The Short History of “I Have a Little Dreidel”

Dec. 30 2016

While the melody is nearly ubiquitous among American Jews, it is by no means ancient, as Albert Stern explains:

Samuel E. Goldfarb penned “I Have a Little Dreidel” (with Samuel S. Grossman) [in the 1920s], while his older brother, Israel Goldfarb, composed [a widely used melody for the Sabbath hymn] “Shalom Aleichem.”. . .

The Goldfarb brothers grew up on the Lower East Side of New York in a family of eleven children that emigrated from Galicia. Samuel was born in 1891, and learned how to read and play music from his brother Israel, who was twelve years his senior. In 1914, Samuel—who was making music in Yiddish theaters and other popular venues—entered into an arranged marriage with Bella Horowitz, from the family that owned Horowitz-Margareten, renowned makers of matzah and Passover products. . . .

While Samuel started out playing piano in theaters, Israel—a graduate of the Institute of Musical Art (now the Juilliard School), the Jewish Theological Seminary, and Columbia University—rose to fame as a noted cantor, and later became the long-serving rabbi at the venerable Kane Street Synagogue in Brooklyn. . . .

“Generally speaking, in America Yiddish music influenced the popular music of Broadway and Hollywood,” said [Samuel Goldfarb’s son, Myron Gordon]. “With these kinds of songs, it was the opposite—it was an American tone being brought into a Jewish context.”

Read more at Times of Israel

More about: American Jewish History, Hanukkah, History & Ideas, Jewish holidays, Jewish music

Hamas Won’t Compromise with the Palestinian Authority, and Gazans Won’t Overthrow Hamas

July 24 2017

Since the terrorist organization Hamas seized control of the Gaza Strip in 2007, much of Israeli strategy toward it has stemmed from the belief that, if sufficient pressure is applied, the territory’s residents will rise up against it. Yaakov Amidror argues this is unlikely to happen, and he also doubts that improved living conditions for ordinary Gazans would deter Hamas from terrorism or war:

The hardships experienced by the Strip’s residents, no matter how terrible, will not drive them to stage a coup to topple Hamas. The organization is entrenched in Gaza and is notorious for its brutality toward any sign of dissidence, and the Palestinians know there is no viable alternative waiting for an opportunity to [take over].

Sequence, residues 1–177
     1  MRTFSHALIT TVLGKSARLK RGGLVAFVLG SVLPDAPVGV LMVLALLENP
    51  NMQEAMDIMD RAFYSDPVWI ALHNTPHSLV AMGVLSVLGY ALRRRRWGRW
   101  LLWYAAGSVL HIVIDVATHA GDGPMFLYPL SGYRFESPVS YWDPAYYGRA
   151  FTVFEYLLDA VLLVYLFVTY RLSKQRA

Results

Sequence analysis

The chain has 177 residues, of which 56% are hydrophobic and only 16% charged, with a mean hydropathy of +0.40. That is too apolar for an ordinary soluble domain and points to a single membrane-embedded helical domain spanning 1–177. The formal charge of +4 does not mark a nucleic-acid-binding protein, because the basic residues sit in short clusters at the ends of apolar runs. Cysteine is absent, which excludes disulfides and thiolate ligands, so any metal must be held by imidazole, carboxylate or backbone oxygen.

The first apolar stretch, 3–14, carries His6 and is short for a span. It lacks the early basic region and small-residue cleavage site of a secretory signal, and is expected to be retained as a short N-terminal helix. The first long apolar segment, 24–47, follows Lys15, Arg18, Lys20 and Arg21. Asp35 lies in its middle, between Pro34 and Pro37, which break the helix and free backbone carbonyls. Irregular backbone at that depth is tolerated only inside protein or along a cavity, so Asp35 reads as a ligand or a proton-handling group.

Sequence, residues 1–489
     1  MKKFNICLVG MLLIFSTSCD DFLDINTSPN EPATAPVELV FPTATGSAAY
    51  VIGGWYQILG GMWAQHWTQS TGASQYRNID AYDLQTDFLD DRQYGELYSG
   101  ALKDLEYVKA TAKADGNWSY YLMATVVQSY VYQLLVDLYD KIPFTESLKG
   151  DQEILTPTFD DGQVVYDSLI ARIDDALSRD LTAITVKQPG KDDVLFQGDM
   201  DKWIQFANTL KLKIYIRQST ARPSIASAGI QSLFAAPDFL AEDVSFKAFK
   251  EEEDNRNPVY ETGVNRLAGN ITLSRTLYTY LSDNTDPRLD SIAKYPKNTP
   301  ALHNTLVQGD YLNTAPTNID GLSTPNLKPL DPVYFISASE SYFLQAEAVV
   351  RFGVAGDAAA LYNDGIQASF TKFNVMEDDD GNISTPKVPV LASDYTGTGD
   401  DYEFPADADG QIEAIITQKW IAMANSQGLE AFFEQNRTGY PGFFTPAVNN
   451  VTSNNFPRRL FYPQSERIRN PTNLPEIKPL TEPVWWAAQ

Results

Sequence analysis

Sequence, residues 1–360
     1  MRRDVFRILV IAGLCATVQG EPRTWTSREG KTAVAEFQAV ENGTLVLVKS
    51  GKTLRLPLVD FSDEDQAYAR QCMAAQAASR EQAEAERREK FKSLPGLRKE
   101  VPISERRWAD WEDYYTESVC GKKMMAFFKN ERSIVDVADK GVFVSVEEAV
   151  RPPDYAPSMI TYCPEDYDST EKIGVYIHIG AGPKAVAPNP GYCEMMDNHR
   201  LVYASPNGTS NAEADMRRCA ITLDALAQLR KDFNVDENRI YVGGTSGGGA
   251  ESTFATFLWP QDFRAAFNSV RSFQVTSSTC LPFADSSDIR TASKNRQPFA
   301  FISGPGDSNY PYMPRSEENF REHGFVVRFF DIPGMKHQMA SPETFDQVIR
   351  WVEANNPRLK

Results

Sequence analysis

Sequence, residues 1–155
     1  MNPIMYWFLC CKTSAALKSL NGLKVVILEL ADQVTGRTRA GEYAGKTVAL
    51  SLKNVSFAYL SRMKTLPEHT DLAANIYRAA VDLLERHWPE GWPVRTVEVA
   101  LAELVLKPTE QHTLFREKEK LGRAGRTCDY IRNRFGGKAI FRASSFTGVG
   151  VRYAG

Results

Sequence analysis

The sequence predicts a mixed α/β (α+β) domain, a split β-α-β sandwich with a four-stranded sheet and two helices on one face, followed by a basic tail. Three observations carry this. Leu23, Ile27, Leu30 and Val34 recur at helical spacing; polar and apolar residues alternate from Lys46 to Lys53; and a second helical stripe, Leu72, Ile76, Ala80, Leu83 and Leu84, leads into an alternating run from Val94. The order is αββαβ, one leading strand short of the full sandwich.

[Therefore], it is time everyone got used to the idea that Hamas is not about to relinquish its dominant position in the Gaza Strip, let alone concede to the Palestinian Authority’s President Mahmoud Abbas. . . . [Yet the] assumption is also baseless that if Gaza experiences economic stability and prosperity, Hamas would refrain from provoking hostilities. This misconception is based on the theory that Hamas operates by governmental norms and prioritizes the needs and welfare of its citizens. This logic does not apply to Hamas. . . .

[Hamas’s] priorities are to bolster its military power and cement its iron grip. This is why all the supplies Israel allows into Gaza on a daily basis to facilitate normal life have little chance of reaching the people. Hamas first and foremost takes care of its leaders and makes sure it has what it needs to sustain its terror-tunnel-digging enterprise and its weapon-production efforts. It then sees to the needs of its members, and then—and only then—what little is left is diverted to rehabilitation efforts that benefit the population.

This is why the argument that Israel is responsible for Gaza’s inability to recover from its plight is baseless. Hamas is the one that determines the priorities by which to allocate resources in the enclave, and the more construction materials that enter Gaza, the easier and faster it is for Hamas to restore its military capabilities. Should Israel sacrifice its own security on the altar of Gazans’ living conditions? I don’t think so.

Read more at Israel Hayom

More about: Gaza Strip, Hamas, Israel & Zionism, Israeli Security